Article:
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April 2, 2014
The Lineup Card
10 Headlines for 2014
1. David Price's Next Team
2. Cabrera and Trout
That debate became a flashpoint for the ongoing culture clash betwixt the old and new schools of baseball analysis. With vicious vitriol, commenters on both sides of that divide hurled criticism on the Trout-backers and the Cabrera-champions, all while knowing full well that both players are great. The battle was resurrected in 2013, when, magically, both players improved to even more impressive levels (albeit without any Triple Crowns). Both years ended in Cabrera being named MVP, to the surprise of no one and the bitterness of many.
Now they are linked once again, this time by their contract extensions, agreed upon within days of each other. Trout’s extension is among the best bargains in baseball. Meanwhile, the Tigers achieved the objective of resigning Cabrera, but at a questionable cost. Whereas Trout is young and likely to maintain his performance in the future, Cabrera is exiting his prime and ready for regression. However, with any luck, we will observe epic performances from both players, the relative values of which epic arguments will be made. But their twin contract extensions ensure that the careers of Cabrera and Trout will be compared far into the future, long after the MVP debates are settled and we go back to deciding player value based on RBI and pitcher wins (I kid, of course).
In the long run, Cabrera and Trout’s inadvertent affiliation stems from their respective talents: similarly impressive, but manifesting in different ways. To that point, whatever your views on statistics or contracts, the value of the Triple Crown or the stolen base, we as baseball fans ought to consider ourselves lucky to live in an era in which we get to view two of the game’s best do amazing things, in wholly different ways. —Robert Arthur
3. Bench Heroics
Injuries to stars, however, open up opportunities for bench players. Career reservists, fringy prospects, and over-the-hill veterans in Triple-A are inevitably going to play significant roles for many franchises this year. Many of those performances will be forgettable. However, fans hold a special place in their memories for the fill-ins who, if even for a half-season, plug an important gap in the team’s roster. Yankee fans recall, for instance, the surprising effectiveness of Aaron Small and Shawn Chacon (1.4 WARP combined in 155 innings) on a 2005 team whose starting rotation was battered by injuries to Kevin Brown and Carl Pavano.
It looks like some clubs that thought they’d be contenders will need to reach for some organizational depth this year. Some of the returns could actually be pretty exciting, though. —Dan Rozenson
4. The Year of the Splitter
There are a few other guys whose success will be dependent on the split-finger pitch. Jeff Samardzija is one pitcher who immediately comes to mind, as his splitty is devious. The point is that we're going to be cognizant of the splitter in 2014, and much like the slurve was the "it" pitch in the early aughts, I think the split-finger fastball will be the pitch to replicate in the mid-teens. We go through this cycle every so often. It's just the splitter's turn now. —Mauricio Rubio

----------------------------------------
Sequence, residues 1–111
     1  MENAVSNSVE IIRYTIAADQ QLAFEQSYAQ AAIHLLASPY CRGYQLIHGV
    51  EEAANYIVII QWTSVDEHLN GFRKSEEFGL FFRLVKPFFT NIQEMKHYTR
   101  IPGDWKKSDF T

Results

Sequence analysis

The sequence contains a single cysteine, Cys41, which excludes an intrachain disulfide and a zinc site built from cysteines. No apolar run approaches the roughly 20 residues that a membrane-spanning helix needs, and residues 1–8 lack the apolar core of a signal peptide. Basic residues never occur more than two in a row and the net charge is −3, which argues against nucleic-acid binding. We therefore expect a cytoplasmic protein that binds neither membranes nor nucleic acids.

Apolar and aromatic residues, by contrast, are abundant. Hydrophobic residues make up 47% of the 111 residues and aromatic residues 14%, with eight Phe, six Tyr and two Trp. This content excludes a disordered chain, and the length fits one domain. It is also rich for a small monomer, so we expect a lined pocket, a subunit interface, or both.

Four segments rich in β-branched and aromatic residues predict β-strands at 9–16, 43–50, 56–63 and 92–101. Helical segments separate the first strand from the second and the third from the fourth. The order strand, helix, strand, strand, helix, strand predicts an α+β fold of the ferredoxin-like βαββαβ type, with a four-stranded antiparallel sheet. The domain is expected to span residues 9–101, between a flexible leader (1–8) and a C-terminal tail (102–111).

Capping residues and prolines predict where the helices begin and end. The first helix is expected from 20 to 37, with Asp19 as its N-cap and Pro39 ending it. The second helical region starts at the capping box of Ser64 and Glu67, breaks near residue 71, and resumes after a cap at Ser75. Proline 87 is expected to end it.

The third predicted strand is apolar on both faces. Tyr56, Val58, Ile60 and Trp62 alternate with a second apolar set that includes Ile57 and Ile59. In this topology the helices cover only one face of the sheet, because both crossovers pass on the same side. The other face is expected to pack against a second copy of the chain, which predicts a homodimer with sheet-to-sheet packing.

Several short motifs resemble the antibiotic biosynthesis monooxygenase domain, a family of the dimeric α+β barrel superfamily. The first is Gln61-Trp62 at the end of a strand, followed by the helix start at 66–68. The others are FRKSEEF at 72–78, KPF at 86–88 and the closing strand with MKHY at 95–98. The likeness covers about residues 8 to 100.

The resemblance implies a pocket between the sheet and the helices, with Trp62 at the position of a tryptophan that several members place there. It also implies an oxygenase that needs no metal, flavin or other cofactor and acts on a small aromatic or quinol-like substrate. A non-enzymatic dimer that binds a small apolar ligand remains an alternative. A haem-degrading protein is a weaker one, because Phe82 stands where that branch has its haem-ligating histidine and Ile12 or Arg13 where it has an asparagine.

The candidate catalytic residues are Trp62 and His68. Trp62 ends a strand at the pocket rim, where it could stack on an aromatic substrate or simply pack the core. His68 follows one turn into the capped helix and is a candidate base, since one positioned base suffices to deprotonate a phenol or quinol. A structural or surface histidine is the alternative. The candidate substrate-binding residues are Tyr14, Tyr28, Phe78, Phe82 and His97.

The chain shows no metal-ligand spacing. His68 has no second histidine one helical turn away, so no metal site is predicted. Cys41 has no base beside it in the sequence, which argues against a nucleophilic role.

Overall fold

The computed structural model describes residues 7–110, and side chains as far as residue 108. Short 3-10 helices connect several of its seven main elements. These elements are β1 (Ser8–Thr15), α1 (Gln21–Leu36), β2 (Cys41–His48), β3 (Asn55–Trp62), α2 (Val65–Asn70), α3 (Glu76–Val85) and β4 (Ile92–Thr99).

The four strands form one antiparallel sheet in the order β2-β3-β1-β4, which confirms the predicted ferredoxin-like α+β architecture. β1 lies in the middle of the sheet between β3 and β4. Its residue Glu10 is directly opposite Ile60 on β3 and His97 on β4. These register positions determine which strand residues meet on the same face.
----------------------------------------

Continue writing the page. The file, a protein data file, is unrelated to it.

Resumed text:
5. Rally Squirrel Runs Inefficient Route
6. Bunting to Beat the Shift
More and more teams are getting on the defensive positioning bandwagon. At some point, the batters will strike back, using one of the only anti-shift tactics available. I'll be tracking this throughout the season for any sign that hitters have had enough. —Ben Lindbergh
7. Instant Replay Becomes Just Another Part of the Game
By the end of the year, we will discover that like a lot of things in life, instant replay has some good features (it probably will cut down on those arguments that make for awkward "Daddy, why is he doing that?" conversations with the kids) and bad features (it... will... add... 90 seconds to a three-hour game!), but eventually, people will realize that the thing that it was set up to do, make sure that the umpires got the call right, is actually getting done. There will undoubtedly be a game where a call that turns a game is overturned, and properly. People will start realizing that 90 seconds of dead time is a small price to pay for the integrity of the game. Plus, the replay delays have a little bit of suspense attached to them, so they're even mildly entertaining.
Instant replay won't be perfect, but after a year, people will realize that it wasn't such a big deal after all and it represents actual progress. Then, to get rid of it, you have to start making arguments that begin with, "But I love the human element of the game" which is the same thing as saying "I wish that the umpires would get more calls wrong." And it'll become just a part of the game. —Russell A. Carleton
8. Andrelton Simmons: MVP Candidate
9. Ben Revere Gives it a Ride
However it happens, at some point this year, Ben Revere is going to hit a home run.
PECOTA has him hitting four. I won't go that far. I won't even say three or two. But one? Somehow, some way, it's going to happen. And Tom Oliver's Live Ball Era record of 2,073 plate appearances without a dinger will be safe—at least until the next Revere-like throwback makes his way to The Show. —Daniel Rathman
10. Where Have All the Free Agents Gone?